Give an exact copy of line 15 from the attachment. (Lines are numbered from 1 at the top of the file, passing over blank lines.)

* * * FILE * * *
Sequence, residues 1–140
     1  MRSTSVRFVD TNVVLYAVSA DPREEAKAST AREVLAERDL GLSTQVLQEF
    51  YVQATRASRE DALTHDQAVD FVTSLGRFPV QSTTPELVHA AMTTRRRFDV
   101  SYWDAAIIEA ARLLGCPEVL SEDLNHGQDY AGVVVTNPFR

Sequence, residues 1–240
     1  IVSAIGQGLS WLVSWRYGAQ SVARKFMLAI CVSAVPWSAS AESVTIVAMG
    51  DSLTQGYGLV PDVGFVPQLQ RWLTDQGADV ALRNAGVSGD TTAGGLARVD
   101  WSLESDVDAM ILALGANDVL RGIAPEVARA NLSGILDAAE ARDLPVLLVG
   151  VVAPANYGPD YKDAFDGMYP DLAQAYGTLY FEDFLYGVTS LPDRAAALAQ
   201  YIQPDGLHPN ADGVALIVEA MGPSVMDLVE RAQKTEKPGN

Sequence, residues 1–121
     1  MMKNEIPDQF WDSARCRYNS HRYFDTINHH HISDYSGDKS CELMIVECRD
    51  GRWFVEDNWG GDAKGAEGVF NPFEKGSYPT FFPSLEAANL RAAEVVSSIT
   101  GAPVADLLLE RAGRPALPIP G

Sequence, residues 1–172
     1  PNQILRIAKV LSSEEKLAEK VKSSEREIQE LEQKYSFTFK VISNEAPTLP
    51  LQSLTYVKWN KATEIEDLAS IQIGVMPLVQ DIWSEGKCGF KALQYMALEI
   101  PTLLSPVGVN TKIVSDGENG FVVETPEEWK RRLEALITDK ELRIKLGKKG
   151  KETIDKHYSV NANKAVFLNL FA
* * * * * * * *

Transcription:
Sequence, residues 1–172